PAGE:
Psycho * * * * *
Directed by: Alfred Hitchcock / 1960
Very few films rattle the halls of film canisters quite like Alfred Hitchcock’s convincing masterpiece, “Psycho”. Nearly 50 years old, the film still shakes suspense valves, leaving with hairs and ideas still standing days later. I could easily write a long and windy essay on everything I carry through the thrash-hold with this film, but I’ll leave that up for my third or fourth watch, or for your own eyes. All I wish to say is that if you haven’t seen it and think you’ve seen some great horror-suspense films or just great films in general, then you’re really missing out on this slice of genius and history.
Pineapple Express * * * *
Directed by: David Gordon Green / 2008
Director David Gordon Green, one of my favorites in the age range of 30, exchanges his usual dark and somber filters for a shot at a stupid-awesome-cool-stoner-action comedy. I think “Pineapple Express” was a smart choice for Green, in a healthy gear switching after already carving major respect, promise and praise for his Terrence Mallick-like poetic dramas (“George Washington”, “All the Real Girls”, “Under Tow” and “Snow Angels”). By all means was I not disappointed with his first comedy feature (seemed like a less serious Quentin Tarantino meets Edgar Wright-Simon Pegg violent fun fest mixed with a ton of buddy action flicks and a pinch of Martin Scorsese’s “After Hours”…if that makes any sense?), but at times it felt a bit rushed, sloppy and opted for over-kill on pre-fab computer scene-switch filters (like what you’d see in a cornball corporate presentation). However, at the same time they fit in an odd way with the overall extreme of a plot surrounding a dead-beat stoner who witnesses a murder and seeks refuge in on-the-run antics with his burnout drug dealer and company. James Franco shows he’s got some really promising acting chops for the first time since “Freaks And Geeks”, as he trades in his pretty boy for druggy boy and Seth Rogen plays himself, charmingly so. These two anti-heroes bring much excitement and stupidity to the screen, but it was supporting funny man Danny McBride (Hot Rod) who brought my biggest laughs (I couldn’t wait to hear more about celebrating his dead cat’s birthday!). Produced by Judd Apatow, “Pineapple Express” isn’t without his typical stamp of snappy, clever, fresh, crude and gut-busting humor that is thick to the core. My beef is that three quarters of funny was put on the backburner for a formulaic falling out of the BFFFE (Best Friends For F-in’ Ever). Though, the climax drug lord shoot-off and goofy ending redeemed itself into my hurting guts as one heck of a stupid-awesome-cool-fun time at the movies.
The Man Who Wasn't There * * * * ½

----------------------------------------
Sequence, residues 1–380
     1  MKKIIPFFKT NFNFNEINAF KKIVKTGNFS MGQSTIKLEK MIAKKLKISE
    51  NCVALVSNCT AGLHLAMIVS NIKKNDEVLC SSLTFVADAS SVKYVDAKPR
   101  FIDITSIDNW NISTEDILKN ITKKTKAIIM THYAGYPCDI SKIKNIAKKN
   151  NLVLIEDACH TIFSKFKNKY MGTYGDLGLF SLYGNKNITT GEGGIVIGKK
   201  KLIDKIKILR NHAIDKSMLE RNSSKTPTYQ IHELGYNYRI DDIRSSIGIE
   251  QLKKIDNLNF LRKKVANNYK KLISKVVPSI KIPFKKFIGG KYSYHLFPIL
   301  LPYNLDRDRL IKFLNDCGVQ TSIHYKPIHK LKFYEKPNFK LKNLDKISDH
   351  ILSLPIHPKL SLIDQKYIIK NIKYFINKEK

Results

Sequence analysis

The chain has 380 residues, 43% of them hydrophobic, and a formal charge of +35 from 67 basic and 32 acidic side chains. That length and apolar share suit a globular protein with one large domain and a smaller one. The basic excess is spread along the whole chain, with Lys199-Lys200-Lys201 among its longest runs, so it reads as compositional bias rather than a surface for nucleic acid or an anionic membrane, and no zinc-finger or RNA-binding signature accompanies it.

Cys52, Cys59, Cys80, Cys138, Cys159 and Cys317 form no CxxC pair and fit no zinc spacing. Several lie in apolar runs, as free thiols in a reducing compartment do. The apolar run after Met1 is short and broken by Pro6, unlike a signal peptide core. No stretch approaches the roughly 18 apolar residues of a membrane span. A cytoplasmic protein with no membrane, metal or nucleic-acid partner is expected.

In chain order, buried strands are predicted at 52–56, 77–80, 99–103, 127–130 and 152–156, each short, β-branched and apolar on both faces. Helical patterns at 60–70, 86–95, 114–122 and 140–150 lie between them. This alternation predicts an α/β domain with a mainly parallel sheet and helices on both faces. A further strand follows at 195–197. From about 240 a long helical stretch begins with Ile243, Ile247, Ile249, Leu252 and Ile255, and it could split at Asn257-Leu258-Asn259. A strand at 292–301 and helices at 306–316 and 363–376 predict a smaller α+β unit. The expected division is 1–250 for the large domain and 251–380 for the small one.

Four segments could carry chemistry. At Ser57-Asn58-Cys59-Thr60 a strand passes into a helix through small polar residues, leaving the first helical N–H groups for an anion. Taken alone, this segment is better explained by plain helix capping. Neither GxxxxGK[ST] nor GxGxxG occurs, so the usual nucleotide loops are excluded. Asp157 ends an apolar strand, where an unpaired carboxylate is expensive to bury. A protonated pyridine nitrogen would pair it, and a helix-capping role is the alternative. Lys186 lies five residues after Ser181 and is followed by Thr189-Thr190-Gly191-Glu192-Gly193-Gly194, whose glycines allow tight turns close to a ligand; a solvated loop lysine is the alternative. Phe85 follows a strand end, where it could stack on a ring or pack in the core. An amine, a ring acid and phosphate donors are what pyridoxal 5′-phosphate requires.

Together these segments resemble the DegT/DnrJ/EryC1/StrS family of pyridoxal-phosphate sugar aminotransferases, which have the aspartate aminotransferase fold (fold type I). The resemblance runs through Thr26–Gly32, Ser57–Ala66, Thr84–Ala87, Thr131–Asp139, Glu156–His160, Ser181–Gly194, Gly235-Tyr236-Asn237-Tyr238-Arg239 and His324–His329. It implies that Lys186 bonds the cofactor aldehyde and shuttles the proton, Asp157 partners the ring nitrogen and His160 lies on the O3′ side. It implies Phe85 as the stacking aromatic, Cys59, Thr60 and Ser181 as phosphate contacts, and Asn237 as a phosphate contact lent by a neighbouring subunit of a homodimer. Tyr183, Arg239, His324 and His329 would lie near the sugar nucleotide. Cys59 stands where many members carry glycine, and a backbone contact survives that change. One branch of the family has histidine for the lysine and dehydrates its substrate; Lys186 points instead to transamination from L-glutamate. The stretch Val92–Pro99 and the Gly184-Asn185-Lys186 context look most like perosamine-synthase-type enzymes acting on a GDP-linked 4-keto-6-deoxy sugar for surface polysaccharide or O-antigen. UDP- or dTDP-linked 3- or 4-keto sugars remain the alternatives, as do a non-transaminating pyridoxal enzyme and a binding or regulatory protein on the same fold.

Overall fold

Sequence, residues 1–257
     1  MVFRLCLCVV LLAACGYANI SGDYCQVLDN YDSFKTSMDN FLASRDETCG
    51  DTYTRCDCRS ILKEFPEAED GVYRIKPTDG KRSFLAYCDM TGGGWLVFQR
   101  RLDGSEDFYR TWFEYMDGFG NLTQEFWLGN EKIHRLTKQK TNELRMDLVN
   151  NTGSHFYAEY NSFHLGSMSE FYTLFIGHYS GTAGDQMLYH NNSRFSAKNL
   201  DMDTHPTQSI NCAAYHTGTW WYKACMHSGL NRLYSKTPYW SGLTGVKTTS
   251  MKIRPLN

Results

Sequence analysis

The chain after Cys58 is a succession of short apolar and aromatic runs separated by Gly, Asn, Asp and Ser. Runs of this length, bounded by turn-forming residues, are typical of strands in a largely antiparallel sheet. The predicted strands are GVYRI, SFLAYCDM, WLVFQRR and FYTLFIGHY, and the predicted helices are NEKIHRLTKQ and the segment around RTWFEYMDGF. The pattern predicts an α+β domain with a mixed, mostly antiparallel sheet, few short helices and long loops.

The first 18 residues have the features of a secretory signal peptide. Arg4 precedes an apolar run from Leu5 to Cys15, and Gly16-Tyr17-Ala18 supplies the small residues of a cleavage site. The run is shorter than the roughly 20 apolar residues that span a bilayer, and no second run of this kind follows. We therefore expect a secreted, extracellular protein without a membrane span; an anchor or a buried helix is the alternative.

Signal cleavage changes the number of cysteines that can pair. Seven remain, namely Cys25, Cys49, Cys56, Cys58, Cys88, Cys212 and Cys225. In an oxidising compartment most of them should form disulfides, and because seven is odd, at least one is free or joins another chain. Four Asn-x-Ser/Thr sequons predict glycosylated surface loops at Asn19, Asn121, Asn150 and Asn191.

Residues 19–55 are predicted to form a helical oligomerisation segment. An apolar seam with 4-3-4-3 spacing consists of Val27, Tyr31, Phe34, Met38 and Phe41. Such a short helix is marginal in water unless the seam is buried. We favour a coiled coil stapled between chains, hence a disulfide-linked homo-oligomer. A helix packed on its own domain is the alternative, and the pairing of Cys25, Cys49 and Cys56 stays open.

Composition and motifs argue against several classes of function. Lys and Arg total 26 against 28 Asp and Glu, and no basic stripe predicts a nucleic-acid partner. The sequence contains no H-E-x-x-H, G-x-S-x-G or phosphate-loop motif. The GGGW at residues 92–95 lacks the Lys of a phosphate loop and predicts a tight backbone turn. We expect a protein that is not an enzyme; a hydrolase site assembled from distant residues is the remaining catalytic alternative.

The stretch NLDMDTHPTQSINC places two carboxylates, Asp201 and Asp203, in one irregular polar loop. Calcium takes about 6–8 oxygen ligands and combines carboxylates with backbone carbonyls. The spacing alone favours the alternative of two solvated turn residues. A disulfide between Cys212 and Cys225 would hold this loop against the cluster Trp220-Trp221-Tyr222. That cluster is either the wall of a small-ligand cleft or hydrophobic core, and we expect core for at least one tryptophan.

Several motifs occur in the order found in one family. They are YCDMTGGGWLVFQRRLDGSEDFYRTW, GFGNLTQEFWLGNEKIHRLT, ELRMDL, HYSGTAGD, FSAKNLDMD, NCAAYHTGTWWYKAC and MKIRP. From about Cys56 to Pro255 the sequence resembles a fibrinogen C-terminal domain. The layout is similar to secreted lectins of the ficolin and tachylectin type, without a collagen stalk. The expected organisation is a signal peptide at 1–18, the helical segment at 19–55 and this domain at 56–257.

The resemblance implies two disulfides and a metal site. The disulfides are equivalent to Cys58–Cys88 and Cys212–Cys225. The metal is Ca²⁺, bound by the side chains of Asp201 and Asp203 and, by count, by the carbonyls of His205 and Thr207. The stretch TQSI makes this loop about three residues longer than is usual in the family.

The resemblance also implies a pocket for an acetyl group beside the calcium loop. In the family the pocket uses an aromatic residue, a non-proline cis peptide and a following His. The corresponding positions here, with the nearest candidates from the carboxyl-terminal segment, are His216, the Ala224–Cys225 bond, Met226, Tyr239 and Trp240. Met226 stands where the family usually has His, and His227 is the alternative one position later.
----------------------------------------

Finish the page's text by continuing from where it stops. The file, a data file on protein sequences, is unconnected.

Directed by: Joel & Ethan Coen / 2001
The Coen Brothers have a ton of incredible films, but “The Man Who Wasn’t There” is my personal favorite and I feel it is their most under-appreciated masterpiece. So much mystery and darkness hide in the layers of gorgeously drenched black and white, leaving a lot of gray room in the story and subjects to effectively move and mystify me. I conjure different ideas and wonders each time I watch Billy Bob Thornton’s 1950’s bored barber whisper through life until he unravels (for better-or-worse) like the smoke and ash of his cigarette.
Magic * * * *
Directed by: Richard Attenborough / 1978
Anthony Hopkins delivers one of his finest performances, possessed by talent and success, talking for two as a ventriloquist in “Magic”. My initial thoughts were that the film would be great cheese in the “Chucky” realm, but in fact I was surprised at how effective and well-pieced it really is. I was also pleased it didn't resort to fantasy and left the magic up to incredible acting and an incredibly creepy doll!
Charlie Bartlett * * * ½
Directed by: Jon Poll / 2007
Thin hints of "Ferris Bueller's Day Off" and "Rushmore" (among others) and commentary on our thick obsession with mental health fuse this unbelievable yet surprisingly well-played take on the wear and tear of the high school condition. Life throws many punches, but nothing seems as worse than the mid-to-late range of teenage life. Remember?! Groomed for success and wealth, mischievous Charlie Bartlett is kicked out of private school and shipped off to the angst and anxiety battlegrounds of public high school. Subject to much bullying and abuse, Charlie visits with the family therapist and is supplied with anxiety medication which brings him to the streets in his underwear and loudest shout. Charlie sees this as potential in banding with the bullies and selling medication to his fellow high school peers in pain. The student body doesn’t fall to pressure, rather Charlie's therapy sessions and prescriptions in the boy's restroom/pharmacy.